Dr. Hammers is a former lawyer whose graduate studies focused on rhetorical criticism, critical media studies, and social movement and public sphere studies. In addition to her training in rhetoric, Dr. Hammers is trained in qualitative research methods and utilizes field research and interviews in her ongoing study of the ways in which the female body is perceived and understood in various public and professional arenas. Dr. Hammers teaches introductory and advanced research methods; she also teaches a course on the rhetoric of popular culture and one on persuasion and social influence.
She has presented her scholarship at professional conventions and is active in the National Communication Association's pre-conference seminar series as both a participant in and co-organizer of the public sphere studies seminar. Her article critiquing the ways in which Ally McBeal constructed images of female professionalism appeared in a 2005 issue of The Western Journal of Communication. She is also the author of a chapter in an edited volume on Ally McBeal. In addition, her rhetorical analysis of The Vagina Monologues and her qualitative study of online roleplaying games, have both appeared in scholarly journals.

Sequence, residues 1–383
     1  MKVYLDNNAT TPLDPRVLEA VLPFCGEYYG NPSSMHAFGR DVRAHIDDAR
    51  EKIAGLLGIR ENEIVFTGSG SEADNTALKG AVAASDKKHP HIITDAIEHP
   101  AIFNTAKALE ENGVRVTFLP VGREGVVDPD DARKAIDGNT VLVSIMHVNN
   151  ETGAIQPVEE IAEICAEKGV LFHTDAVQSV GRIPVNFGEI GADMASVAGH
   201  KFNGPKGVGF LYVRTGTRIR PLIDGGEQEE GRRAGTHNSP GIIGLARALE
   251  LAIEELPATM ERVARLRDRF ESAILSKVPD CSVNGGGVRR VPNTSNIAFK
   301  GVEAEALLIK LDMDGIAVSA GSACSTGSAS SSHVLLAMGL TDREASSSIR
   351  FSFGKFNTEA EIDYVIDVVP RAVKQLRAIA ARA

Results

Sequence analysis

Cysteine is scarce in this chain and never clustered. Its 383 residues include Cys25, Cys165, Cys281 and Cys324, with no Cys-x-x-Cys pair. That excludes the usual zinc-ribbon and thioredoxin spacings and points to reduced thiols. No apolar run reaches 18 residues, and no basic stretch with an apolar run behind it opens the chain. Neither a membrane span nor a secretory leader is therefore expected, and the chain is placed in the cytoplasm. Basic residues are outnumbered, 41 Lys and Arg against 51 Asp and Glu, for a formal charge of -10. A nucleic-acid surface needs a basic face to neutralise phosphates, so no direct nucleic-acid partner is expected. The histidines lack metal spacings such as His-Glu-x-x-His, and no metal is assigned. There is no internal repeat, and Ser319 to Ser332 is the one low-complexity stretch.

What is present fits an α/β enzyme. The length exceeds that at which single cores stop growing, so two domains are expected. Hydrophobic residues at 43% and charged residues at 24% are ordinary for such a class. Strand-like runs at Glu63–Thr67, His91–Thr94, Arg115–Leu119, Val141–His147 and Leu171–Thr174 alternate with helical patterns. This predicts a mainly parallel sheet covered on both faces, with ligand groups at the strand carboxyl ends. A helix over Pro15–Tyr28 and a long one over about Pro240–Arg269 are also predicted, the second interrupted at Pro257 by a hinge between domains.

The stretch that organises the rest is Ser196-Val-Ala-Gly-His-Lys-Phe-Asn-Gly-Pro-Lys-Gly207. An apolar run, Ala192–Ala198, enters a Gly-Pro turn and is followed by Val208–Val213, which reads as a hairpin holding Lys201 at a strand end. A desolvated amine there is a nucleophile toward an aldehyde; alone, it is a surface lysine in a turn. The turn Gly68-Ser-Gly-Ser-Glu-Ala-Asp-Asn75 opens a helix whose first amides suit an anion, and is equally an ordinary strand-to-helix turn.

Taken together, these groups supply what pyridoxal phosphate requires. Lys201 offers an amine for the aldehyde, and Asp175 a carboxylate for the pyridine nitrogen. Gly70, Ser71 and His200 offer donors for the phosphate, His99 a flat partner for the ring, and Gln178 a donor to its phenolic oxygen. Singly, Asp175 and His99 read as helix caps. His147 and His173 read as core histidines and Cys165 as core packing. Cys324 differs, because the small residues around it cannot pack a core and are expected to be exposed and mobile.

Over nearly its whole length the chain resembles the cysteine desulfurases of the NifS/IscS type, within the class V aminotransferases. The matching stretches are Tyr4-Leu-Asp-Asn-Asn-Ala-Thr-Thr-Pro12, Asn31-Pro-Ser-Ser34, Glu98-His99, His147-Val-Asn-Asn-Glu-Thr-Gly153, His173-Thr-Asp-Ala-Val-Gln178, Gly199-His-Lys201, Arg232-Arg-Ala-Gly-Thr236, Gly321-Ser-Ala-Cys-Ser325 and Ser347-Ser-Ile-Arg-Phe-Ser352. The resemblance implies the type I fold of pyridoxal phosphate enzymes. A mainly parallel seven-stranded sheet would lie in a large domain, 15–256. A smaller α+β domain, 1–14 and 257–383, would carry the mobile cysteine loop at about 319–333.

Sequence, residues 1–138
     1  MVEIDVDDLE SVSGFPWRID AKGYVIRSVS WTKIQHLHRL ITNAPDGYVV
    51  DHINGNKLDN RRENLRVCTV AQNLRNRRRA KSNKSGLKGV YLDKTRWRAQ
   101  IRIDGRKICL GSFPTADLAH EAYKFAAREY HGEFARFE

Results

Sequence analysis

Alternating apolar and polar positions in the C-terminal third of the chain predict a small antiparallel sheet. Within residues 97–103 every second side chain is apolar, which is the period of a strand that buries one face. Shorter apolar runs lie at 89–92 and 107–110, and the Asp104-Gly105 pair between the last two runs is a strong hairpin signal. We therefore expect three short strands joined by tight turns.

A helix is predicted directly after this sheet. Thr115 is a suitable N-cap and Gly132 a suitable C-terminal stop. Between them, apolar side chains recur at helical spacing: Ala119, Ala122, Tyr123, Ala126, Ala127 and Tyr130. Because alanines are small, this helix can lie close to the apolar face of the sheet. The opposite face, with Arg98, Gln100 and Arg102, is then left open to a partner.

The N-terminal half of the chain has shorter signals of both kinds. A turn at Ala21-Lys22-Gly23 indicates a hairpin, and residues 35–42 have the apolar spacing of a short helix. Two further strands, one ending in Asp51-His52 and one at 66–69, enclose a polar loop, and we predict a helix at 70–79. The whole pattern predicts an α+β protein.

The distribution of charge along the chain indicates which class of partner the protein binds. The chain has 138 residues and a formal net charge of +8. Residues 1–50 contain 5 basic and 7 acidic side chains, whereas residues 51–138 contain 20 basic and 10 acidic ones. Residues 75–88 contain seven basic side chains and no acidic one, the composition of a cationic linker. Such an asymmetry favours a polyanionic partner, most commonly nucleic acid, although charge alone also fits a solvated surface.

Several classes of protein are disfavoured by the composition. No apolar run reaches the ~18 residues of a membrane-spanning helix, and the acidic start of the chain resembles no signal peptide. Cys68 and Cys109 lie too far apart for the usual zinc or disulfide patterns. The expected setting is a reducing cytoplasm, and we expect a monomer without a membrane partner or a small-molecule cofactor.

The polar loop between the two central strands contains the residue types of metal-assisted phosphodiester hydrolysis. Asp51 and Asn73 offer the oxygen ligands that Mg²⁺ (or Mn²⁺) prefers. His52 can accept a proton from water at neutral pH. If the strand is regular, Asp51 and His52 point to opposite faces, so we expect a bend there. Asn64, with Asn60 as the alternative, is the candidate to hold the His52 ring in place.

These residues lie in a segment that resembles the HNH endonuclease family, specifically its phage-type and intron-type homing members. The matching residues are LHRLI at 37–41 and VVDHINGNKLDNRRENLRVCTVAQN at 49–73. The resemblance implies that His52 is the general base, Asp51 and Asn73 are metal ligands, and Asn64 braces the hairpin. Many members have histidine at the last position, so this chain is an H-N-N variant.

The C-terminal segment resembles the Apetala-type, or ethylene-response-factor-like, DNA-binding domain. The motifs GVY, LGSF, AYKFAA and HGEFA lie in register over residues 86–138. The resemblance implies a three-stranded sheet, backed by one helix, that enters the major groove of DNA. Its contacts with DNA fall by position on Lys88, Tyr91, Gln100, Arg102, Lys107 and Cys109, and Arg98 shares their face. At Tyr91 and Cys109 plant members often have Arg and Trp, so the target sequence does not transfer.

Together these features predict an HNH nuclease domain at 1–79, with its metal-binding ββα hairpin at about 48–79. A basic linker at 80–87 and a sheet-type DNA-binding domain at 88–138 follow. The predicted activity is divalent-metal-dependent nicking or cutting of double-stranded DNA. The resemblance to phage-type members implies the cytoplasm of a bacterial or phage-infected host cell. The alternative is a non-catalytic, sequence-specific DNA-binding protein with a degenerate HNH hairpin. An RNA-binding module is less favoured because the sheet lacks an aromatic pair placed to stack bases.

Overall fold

Currently, Dr. Hammers is working with Dr. Stephanie August (Computer Science), on a National Science Foundation Grant that will fund the creation of a Virtual Engineering Sciences Learning Lab ("VESLL") in the Second Life immersive, virtual, environment. Through this project, Dr. Hammers will explore the potential of virtual worlds for student learning and for individual identity development.
Arizona State University: Ph.D., Humanities and Communication Studies 2004
University of Texas at Austin: J.D.
Arizona State University: M.A.
Boston University: B.S.
Areas of Expertise (8)
Industry Expertise (4)
Event Appearances (1)
Engaging Students in STEM Education through a Virtual Learning Lab
118th Conference of the American Society for Engineering Education Vancouver
Engineering education in the 21st century faces multiple obstacles including limited accessibility of course resources due, in part, to the costs associated with acquiring and maintaining equipment and staffing laboratories.
We explain how Swami [Master] Vivekananda’s rhetoric used cultural stereotypes to create a binary division between India as a center of spiritual power as compared to the West as a seat of material progress and martial power.
Hybrid jumble and crossword puzzles can be used to bridge the gap between mathematics and language.
The Right Talk and the Academy featured in Rhetoric Review, 2008.
This critical reading of The Vagina Monologues examines the play's circulation within dominant discourses of public and private and considers the ways in which the play works to reconfigure the female body and body-related issues as properly public.
This paper explores the relationship between female professional identity and cultural associations between femininity and the body, emotion and sexuality.
Thesis (M.A.)--Arizona State University, 2000. Includes bibliographical references (leaves -70).